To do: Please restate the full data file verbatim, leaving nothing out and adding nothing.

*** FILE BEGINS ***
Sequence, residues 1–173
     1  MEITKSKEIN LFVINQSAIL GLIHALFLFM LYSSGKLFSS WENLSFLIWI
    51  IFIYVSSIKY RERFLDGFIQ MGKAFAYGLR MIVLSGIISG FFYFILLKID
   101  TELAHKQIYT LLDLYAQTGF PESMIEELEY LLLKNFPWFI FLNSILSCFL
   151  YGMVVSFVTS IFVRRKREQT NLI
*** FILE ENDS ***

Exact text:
Sequence, residues 1–173
     1  MEITKSKEIN LFVINQSAIL GLIHALFLFM LYSSGKLFSS WENLSFLIWI
    51  IFIYVSSIKY RERFLDGFIQ MGKAFAYGLR MIVLSGIISG FFYFILLKID
   101  TELAHKQIYT LLDLYAQTGF PESMIEELEY LLLKNFPWFI FLNSILSCFL
   151  YGMVVSFVTS IFVRRKREQT NLI